CAFE Increases Coming Sooner Than Expected

Today, the Department of Transportation is expected to announce a more aggressive timetable for fuel economy increases: automakers will be required to raise average fuel efficiency to 31.5 miles per gallon by 2015. The fleet’s overall average in the 2007 model year was 26.7 mpg.

In December, Congress approved an increase of Corporate Average Fuel Efficiency (CAFE) to 35 miles per gallon by the year 2020, leaving it to the Bush administration to decide how fast to implement the increases.

The announcement comes on Earth Day, and one day after AAA reported that Americans are paying an average of more than $3.50 per gallon for gasoline for the first time. The Bush Administration and the auto industry are under pressure to respond to public anger about high gas prices, and to deflect proposals from California and 16 other states that call for fuel economy to reach more than 43 miles per gallon by 2016.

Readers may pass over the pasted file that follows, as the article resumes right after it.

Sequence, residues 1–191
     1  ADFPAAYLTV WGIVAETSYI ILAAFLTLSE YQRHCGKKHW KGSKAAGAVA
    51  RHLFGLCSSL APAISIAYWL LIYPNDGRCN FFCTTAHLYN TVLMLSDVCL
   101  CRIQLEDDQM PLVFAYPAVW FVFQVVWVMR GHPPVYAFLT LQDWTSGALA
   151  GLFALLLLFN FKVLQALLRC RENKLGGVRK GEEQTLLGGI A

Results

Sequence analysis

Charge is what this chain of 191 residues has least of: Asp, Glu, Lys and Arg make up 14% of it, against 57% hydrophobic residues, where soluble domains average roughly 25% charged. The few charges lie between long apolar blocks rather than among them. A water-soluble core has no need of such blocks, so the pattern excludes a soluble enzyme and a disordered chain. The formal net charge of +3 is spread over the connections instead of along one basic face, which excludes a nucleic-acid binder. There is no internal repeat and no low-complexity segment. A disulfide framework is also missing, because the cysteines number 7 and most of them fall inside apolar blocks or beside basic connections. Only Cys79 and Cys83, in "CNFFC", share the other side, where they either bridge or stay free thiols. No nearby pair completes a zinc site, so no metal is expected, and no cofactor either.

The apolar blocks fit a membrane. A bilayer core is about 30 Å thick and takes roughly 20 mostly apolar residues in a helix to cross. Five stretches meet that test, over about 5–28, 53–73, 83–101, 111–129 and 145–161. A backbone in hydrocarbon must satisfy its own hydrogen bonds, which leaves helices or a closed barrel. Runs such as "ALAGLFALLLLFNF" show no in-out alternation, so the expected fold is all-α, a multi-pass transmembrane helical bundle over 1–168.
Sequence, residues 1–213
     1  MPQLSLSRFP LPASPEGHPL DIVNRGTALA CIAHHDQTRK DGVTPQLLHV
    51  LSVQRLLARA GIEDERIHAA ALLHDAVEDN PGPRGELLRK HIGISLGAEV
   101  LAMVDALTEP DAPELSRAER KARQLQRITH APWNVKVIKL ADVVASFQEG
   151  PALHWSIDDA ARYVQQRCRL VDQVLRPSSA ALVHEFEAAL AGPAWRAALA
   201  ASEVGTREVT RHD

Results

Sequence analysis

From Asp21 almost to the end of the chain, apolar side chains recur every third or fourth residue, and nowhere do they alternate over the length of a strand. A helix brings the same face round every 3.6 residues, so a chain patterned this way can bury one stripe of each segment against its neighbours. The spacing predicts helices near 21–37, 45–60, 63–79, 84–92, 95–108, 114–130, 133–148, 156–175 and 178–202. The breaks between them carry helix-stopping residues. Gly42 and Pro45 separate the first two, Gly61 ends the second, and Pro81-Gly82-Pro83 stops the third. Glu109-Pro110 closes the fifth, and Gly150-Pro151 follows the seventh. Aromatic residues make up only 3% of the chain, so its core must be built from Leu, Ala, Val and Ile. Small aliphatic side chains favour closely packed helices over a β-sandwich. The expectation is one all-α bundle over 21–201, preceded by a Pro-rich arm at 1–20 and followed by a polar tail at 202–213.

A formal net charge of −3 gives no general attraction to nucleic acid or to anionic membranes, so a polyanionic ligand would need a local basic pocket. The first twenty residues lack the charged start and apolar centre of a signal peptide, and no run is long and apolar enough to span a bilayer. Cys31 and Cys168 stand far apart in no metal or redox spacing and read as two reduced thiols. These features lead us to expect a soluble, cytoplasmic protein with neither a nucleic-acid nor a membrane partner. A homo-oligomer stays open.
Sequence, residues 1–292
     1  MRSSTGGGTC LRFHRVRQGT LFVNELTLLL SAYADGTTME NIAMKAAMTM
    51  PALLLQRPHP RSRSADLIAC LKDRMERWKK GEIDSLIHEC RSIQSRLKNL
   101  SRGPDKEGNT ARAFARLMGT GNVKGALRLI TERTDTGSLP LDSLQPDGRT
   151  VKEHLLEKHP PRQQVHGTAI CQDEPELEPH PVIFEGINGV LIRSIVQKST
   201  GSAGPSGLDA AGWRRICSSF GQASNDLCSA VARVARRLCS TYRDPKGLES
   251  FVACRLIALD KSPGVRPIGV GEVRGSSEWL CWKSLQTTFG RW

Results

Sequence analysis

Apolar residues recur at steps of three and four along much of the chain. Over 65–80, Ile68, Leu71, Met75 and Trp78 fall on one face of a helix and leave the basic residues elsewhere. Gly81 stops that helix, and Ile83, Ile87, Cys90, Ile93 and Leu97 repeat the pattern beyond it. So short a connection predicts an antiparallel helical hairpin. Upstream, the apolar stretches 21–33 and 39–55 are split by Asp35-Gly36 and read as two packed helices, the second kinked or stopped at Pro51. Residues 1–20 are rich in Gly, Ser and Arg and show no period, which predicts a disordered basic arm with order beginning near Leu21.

The effectiveness of the new Department of Transportation proposal depends on many details, and potential loopholes, in the plan:

  • The plan is not finalized. The public and automakers will have a chance to comment on the plan before it becomes final.
  • The proposal creates credit trading and transfers, which allow automakers to apply credits earned from passenger cars exceeding mpg targets—to light trucks and SUVs. Automakers that continue to produce gas-guzzlers can buy credits from more efficient automakers.
  • Instead of one overall number, the proposal uses size, or other attributes of the car, to set fuel economy numbers. It’s not clear how the attributes will be defined.

If finalized, the proposed increases and new time table will intensify the auto industry’s shift to smaller, less powerful engines, as well as hybrid gas-electric vehicles and diesels.

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  • David munday